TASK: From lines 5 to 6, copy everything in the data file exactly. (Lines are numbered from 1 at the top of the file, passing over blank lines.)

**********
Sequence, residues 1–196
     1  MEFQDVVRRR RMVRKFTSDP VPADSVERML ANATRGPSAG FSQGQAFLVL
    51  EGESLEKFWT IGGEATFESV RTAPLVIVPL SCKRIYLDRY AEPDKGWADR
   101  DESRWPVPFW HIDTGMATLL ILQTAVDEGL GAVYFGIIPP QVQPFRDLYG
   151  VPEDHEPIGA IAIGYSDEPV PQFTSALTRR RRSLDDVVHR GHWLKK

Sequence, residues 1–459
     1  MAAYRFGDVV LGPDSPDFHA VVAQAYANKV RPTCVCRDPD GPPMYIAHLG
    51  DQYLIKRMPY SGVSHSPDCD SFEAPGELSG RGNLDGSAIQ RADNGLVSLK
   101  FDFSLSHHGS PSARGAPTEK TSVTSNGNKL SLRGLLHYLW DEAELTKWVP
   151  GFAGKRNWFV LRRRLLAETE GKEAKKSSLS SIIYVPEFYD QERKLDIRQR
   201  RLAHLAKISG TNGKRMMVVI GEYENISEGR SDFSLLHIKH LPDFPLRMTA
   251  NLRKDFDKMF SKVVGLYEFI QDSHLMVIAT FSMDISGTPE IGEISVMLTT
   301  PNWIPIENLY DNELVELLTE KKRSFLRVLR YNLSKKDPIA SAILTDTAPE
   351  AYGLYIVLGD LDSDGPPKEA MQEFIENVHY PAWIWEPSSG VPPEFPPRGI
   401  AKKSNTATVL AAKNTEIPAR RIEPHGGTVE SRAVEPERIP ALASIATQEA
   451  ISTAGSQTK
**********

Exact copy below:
   151  VPEDHEPIGA IAIGYSDEPV PQFTSALTRR RRSLDDVVHR GHWLKK

Sequence, residues 1–459